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5 Steps To Rental Property Ownership


rental property owner

Most new investors realize the benefits of rental property ownership. Just one well performing rental property can completely transform your portfolio.  There is nothing wrong with quick flips and rehabs but there should be some balance to your business.  A rental property will not only generate monthly cash flow but can offer tax breaks and long term appreciation potential. Buying a rental property is very similar to that of any other purchase except there are a few minor tweaks along the way.  Understanding the subtle changes can make all the difference between a home run rental property and one that becomes a burden to deal with.  If you are interested in rentals but aren’t quite sure where to start here are five steps to rental property ownership.

  • Start With A Plan. Ok, so you want to buy a rental property. The first step is to develop a plan of attack. You can’t just make offers on every new listing that hits the market. You need to determine a firm set of criteria that will act as your guide. Do you have a specific market that you are interested in? How many units are you looking for? How long do you plan on holding the property? What type of capital do you have for improvements or upgrades? You need to know what you want first before you start looking at what is on the market. A property may be great to live in but may not make the best rental property investment. The goal of any rental property is to attract tenants for as long as possible. If the property is located in an area of low demand you will have trouble finding tenants. Before you do anything else you need to visualize what you want from your rental property.
  • Understand The Numbers. Owning a rental property is very much like running an individual business inside of a bigger business. Like any other business you need to fully grasp all of the numbers associated. From the outside it may appear that cash flow is simply your rents received minus loan repayment. This is certainly a start but far from the final number. You also need to factor in specific utilities, lawn maintenance, snow removal, vacancy reserves and unexpected repairs. Many times these numbers will throw your monthly bottom line for a loop. A property that would appear to have positive cash flow may actually turn out to be negative when all is said and done. If you are friendly with fellow investors in the area you should reach out to them and ask about specific numbers and variables they face. Certain towns are more difficult, and expensive, to own in over others. Numbers are the backbone of any business and certainly a driving force in any rental property.
  • Financing. At this point you may think you are ready to start looking but you first need to secure financing. There are many different ways to finance a rental property. Because of the long term nature of rentals many owners start by searching for traditional bank programs. With these programs you can take advantage of low interest rates but you also need money for the down payment. Depending on the borrower credit profile and the specific lender the down payment amount can be anywhere between 20-25%. Once the closing costs and property tax escrows are thrown in buying a rental property takes a large financial commitment. Another option available is to seek a hard money loan. Generally speaking hard money loans work best for short term flips and rehabs but can work for a rental property in the right situation. Regardless of how you plan on financing it needs to be firmly in place before you make any offer.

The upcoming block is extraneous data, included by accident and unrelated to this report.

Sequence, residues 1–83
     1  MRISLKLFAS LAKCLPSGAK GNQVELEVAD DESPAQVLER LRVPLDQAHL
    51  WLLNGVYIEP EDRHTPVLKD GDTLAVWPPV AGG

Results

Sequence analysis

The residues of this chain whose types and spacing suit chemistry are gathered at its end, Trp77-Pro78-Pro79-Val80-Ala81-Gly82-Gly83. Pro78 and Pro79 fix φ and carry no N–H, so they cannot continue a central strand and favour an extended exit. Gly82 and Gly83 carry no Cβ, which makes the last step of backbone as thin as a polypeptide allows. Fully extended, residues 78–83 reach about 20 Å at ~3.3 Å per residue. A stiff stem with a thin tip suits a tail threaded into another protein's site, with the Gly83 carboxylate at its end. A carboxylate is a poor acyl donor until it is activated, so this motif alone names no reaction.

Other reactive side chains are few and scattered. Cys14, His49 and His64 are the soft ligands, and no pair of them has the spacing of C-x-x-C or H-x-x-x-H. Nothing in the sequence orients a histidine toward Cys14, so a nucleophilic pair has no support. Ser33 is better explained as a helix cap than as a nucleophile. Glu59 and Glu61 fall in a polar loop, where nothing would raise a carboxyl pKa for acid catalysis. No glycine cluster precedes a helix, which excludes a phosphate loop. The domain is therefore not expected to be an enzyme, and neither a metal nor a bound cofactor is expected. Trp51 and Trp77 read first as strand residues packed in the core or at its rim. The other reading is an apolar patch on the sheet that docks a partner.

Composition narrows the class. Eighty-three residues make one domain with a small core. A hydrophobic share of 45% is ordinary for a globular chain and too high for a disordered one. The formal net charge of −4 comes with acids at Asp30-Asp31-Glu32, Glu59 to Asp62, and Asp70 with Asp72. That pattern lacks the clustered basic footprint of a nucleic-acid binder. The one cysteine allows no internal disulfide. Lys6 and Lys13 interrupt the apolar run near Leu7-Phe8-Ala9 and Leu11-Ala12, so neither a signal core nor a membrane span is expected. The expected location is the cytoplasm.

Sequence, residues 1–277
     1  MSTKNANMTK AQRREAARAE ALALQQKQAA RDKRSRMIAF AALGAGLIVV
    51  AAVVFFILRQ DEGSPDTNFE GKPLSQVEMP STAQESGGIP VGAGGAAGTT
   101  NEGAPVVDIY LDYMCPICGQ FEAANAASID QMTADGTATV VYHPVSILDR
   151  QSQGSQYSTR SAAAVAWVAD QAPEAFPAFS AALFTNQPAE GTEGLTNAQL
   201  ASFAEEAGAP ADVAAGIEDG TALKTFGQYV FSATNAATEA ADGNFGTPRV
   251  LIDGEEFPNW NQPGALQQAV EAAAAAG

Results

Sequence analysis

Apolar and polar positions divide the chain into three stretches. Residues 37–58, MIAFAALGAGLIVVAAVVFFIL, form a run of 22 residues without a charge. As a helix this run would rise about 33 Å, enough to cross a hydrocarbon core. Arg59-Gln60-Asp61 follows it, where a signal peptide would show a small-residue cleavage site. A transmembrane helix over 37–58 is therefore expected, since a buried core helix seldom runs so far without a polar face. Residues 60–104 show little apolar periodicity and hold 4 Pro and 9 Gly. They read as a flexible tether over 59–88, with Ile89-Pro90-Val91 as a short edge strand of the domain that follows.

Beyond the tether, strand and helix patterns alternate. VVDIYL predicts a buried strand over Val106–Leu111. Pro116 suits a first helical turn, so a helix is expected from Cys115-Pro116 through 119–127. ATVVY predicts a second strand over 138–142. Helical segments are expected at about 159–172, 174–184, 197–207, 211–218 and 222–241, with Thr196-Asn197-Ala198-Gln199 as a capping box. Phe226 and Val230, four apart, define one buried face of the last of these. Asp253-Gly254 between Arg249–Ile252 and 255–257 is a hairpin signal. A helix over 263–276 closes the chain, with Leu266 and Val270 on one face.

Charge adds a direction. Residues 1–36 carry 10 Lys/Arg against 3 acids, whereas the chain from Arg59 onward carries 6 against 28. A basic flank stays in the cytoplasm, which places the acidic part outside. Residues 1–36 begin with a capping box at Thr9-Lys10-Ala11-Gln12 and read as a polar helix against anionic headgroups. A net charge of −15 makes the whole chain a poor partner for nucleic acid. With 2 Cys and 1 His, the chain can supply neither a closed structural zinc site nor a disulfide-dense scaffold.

• Sit Down With A Real Estate Agent. Rental property success is based on buying the right property. As obvious as this may seem many new landlords fail to acknowledge this. It is difficult not to jump at every new listing you see. You want to get started so badly that you end up pursuing the wrong property. To avoid this you need to sit down with your real estate agent and review your game plan. You should discuss exactly what you are looking for, where you want to buy, how much you can afford and what condition the property should be in. A good real estate agent will let you know if your vision is realistic and what is available in the market. Discuss the timeframe for buying and what time works best for showings. The more your real estate agent knows exactly what you want and how you want it the easier it is for you to get the property you really want.
  • Stay Firm With Your Offer. A rental property is an investment not only for the short term but for the long term as well. The price you pay for your property will impact your numbers for years to come. Every dollar that you increase your purchase price has an impact on your cash flow. At a certain point the property no longer makes sense. This is important to remember with every offer you make. You need to stay disciplined and not get caught up in a bidding war. The goal is not to take ownership but to buy a property that generates income. There are times when you need to walk away, as hard as it may be. By doing this you will lose out on some properties but the ones you obtain will be much stronger.

As you are making offers you can start to assemble your rental property team. If you are using a property manager now is the time to reach out to them and discuss exactly what they offer.  You will also need a good handyman and possibly electrician, carpenter, painter and more.  Rental property ownership is available to all investors.  Don’t be intimidated by the process.

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